Coinbase sued for privacy violation by Michael Massel

The renowned exchange platform Coinbase is being targeted by a lawsuit for allegedly violating the privacy of its customers. According to the complaint filed by Michael Massel, Coinbase illegally collected and stored fingerprints and facial scans of its users during KYC procedures. The plaintiff is seeking damages.

Coinbase targeted in lawsuit over user privacy breach

Coinbase, one of the biggest cryptocurrency exchange platforms, is at the center of a new controversy.

After recently filed a lawsuit against the SEC, the regulatory authority for the financial markets in the United States, Coinbase is now being sued for violating the privacy of its users.

May 1, Michael Massel, a user of Coinbase, filed a class action lawsuit accusing the platform of violating its customers’ privacy. According to the document filed in California District Court, Coinbase allegedly violated Illinois privacy laws by collecting fingerprints and facial scans.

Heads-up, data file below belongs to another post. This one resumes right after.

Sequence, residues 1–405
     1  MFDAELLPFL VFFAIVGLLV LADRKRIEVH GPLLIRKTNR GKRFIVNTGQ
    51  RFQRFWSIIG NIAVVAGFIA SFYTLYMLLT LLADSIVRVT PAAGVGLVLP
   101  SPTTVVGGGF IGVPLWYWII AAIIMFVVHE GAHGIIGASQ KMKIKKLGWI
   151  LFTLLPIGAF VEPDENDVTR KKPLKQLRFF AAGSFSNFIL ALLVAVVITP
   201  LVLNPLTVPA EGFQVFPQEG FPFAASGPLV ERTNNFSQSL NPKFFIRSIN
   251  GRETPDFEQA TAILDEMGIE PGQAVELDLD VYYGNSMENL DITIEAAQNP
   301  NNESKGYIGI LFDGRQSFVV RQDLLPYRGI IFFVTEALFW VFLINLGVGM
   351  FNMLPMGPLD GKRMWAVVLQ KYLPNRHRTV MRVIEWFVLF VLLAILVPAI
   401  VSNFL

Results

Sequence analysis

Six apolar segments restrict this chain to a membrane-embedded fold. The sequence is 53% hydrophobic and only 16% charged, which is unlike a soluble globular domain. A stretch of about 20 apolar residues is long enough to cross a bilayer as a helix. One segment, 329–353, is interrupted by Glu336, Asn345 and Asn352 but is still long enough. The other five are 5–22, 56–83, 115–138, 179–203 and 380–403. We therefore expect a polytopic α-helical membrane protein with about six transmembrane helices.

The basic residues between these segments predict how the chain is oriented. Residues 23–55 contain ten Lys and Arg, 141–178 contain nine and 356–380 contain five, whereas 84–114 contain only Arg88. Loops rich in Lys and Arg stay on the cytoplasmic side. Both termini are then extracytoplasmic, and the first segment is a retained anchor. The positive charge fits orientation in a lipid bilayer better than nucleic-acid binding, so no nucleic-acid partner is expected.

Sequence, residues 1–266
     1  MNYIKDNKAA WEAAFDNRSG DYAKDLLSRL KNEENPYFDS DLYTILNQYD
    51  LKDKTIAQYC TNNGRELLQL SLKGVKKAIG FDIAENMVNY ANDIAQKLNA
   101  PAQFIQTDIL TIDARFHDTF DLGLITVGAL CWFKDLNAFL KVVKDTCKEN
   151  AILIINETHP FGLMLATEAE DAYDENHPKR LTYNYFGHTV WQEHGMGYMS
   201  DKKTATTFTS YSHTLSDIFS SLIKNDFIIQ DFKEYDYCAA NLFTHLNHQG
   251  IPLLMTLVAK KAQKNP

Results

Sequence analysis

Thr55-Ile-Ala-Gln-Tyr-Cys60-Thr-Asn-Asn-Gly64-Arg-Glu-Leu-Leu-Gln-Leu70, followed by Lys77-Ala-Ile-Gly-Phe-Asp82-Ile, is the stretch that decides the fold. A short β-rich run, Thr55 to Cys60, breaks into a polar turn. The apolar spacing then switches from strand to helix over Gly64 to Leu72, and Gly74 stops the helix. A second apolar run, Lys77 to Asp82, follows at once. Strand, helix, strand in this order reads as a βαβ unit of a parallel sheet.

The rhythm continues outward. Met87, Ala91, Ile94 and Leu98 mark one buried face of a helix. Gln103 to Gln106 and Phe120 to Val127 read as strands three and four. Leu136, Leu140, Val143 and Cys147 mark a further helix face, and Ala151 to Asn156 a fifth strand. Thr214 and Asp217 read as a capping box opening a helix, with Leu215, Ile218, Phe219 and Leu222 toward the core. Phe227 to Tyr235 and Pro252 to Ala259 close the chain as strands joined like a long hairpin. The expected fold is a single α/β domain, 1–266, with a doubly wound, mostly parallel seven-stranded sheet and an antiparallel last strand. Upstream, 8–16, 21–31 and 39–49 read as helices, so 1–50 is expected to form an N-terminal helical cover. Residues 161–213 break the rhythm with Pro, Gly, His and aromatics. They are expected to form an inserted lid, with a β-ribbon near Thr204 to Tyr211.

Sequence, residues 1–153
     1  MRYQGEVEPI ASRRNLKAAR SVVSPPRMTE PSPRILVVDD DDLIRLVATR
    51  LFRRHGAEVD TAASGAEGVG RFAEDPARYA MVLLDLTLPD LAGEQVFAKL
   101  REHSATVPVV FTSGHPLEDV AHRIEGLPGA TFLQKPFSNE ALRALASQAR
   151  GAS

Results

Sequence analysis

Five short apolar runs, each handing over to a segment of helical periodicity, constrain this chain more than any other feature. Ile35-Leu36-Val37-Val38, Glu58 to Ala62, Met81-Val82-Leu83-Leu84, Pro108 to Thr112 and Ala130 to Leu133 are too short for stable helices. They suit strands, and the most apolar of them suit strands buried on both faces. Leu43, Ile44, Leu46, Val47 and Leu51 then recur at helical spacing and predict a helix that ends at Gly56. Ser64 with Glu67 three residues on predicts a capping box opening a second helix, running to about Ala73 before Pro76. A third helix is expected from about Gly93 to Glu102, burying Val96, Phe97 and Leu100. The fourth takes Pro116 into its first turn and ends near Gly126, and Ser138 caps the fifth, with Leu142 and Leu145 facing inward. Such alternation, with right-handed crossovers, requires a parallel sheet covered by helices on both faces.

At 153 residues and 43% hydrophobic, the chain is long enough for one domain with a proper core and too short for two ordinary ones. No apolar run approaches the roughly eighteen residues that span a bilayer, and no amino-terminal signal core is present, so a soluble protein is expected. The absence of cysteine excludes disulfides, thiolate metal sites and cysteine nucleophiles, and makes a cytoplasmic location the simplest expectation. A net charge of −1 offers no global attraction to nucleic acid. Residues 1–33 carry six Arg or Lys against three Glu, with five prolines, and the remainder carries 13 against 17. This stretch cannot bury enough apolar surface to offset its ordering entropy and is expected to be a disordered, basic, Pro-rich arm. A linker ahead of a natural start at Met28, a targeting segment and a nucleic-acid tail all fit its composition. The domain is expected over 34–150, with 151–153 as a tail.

Massel argues that the KYC (Know Your Customer) process of Coinbase is illegal under the Biometric Information Privacy Act (BIPA). The platform is alleged to have illegally collected, stored, used and shared personal data without authorization or compliance with legal requirements.

The BIPA Act requires companies that collect biometric data to obtain users’ permission and to provide them with the purposes, storage duration, use and destruction of the data. Coinbase would not have a written policy to that effect.

Coinbase did not have a written, publicly available policy establishing a retention schedule and guidelines for the permanent destruction of biometric information.

From the document

Coinbase would have used users’ data to improve its service

Michael Massel, the complainant, states that Coinbase used users’ personal data to improve its service and disclosed it to several companies, including Jumio Corporation, Solaris AG, Onfido, Inc., Au10tix LTD and Liquid Co. Ltd.

He therefore requested a compensation of $5,000 per violation of the law (BIPA), or $1,000 if the court finds that the alleged violations were not intentional.

It remains to be seen whether or not the accusations are true. In the meantime, Coinbase is thinking about leaving the United States due to difficult regulations for the crypto industry.